This content should highlight the role of the pharmacist as a natural interlocutor for patients who, on health and wellness issues, are familiar with Internet communication.
Facebook facilitates this human relationship.
Facebook also hides the difficulty of editorializing this content and ensure that it is comprehensible and interesting.
We are in the health world and the content can be quite scientific.
So we need to know how to give the information. Writing simple things that are sometimes complicated is not always easy.
Also, know how to connect internet users, import images and videos, because text alone is no longer effective on Facebook.
What to do with commercial offers?
Making Facebook a marketing tool is wrong.
And yet we see pharmacies that only make commercial offers on Facebook.
People here are mainly looking for information about their health, and why not, occasionally, have some commercial promotions, but without the whole page being full of commercial offers.
Yes, promotions must be announced in a neutral way and arouse the interest of a number of products in action on a particular health or beauty issue.
For example, in September with the issue of hair loss to provide information and advice on how to deal with it and at the end to have a similar commercial offer.
Marketing offers are generally tested on the pharmacy web site rather than Facebook, whose main purpose is to build customer relationships.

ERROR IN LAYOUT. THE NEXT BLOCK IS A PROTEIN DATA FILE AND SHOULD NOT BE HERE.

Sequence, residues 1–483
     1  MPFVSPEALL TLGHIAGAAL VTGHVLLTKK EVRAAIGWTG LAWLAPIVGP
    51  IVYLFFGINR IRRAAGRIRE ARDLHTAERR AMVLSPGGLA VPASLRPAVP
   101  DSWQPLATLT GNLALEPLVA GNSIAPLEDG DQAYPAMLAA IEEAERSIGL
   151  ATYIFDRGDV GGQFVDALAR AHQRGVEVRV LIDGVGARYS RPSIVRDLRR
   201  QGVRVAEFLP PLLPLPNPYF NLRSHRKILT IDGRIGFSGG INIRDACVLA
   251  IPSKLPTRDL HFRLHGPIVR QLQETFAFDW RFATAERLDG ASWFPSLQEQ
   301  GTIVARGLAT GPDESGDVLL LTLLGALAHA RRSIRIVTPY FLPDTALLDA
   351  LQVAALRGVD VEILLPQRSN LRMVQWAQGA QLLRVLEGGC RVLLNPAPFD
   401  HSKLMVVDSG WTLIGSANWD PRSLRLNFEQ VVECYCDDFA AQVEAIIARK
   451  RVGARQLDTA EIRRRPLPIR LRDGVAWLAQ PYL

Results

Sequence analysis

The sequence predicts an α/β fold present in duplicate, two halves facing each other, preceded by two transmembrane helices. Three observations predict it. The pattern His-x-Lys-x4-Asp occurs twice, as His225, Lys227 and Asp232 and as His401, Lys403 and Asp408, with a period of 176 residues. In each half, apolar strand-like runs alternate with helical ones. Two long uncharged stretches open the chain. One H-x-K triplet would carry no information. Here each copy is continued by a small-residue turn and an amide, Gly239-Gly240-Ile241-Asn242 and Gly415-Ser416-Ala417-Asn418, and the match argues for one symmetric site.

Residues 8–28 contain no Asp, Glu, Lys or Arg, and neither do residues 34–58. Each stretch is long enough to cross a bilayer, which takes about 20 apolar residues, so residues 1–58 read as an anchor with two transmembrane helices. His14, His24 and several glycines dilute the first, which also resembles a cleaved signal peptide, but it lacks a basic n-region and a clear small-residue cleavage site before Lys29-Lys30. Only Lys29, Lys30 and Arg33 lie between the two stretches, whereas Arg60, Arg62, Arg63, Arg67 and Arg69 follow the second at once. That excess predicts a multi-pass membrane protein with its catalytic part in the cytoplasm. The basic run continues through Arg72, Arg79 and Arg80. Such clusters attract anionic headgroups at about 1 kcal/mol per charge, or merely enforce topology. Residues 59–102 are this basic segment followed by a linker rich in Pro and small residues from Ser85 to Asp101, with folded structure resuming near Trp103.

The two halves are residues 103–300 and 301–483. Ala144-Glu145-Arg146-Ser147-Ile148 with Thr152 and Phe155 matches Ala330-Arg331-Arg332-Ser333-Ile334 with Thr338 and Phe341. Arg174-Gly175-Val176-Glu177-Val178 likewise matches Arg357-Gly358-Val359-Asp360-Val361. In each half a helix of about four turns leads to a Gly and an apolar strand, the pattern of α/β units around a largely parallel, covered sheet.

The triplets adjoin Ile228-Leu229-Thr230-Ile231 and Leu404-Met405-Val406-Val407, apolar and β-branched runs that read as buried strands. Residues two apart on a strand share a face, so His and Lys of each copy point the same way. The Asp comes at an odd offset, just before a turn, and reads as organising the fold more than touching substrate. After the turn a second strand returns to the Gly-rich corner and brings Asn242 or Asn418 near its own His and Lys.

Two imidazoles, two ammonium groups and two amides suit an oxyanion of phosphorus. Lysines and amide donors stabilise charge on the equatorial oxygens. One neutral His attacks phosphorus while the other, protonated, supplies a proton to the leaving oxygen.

Who can (should?) Take over this?
There are many providers that can provide you with a Facebook page along with website creation and a web service package.
They suggest a co-management of this page, suggesting regular content.
Some pharmacies may be satisfied with this content, but obviously, to ensure this proximity bond, implies that pharmacists need to put a little bit of their hand in it.
This co-management works very well, the provider provides general health information, and the pharmacist then, converts them into more specialized information about the pharmacy and its area.
There must be an internal organization for publishing information from time to time, either by the pharmacist himself or by a member of his team who is familiar with the use of social networks.
The key is to identify the right person who can create and publish interesting content regularly, while ensuring a regular and balanced posting frequency.
Avoid leaving the page without information for more than a week, but also avoid a "tipping over" that can get tiring. Up to three "new" announcements per week are the right pace.
Is there a coordinator?
Facebook is a living page, it is decorated with comments, mostly informative and largely positive.
But it happens, certainly less often, that the comments are negative.
It depends on the content of the negative message.
If it is considered constructive, we encourage the pharmacist to respond, if it is 'purely aggressive', we simply delete it without further comment.
Should we look for "search sources" for content?
Looking up sources for any information is necessary.
We do not publish information without researching it or simply because we saw it online. This is a question of credibility.
Not only the content is the way to make your page credible, but also to create interactions in order to make your Facebook page more attractive.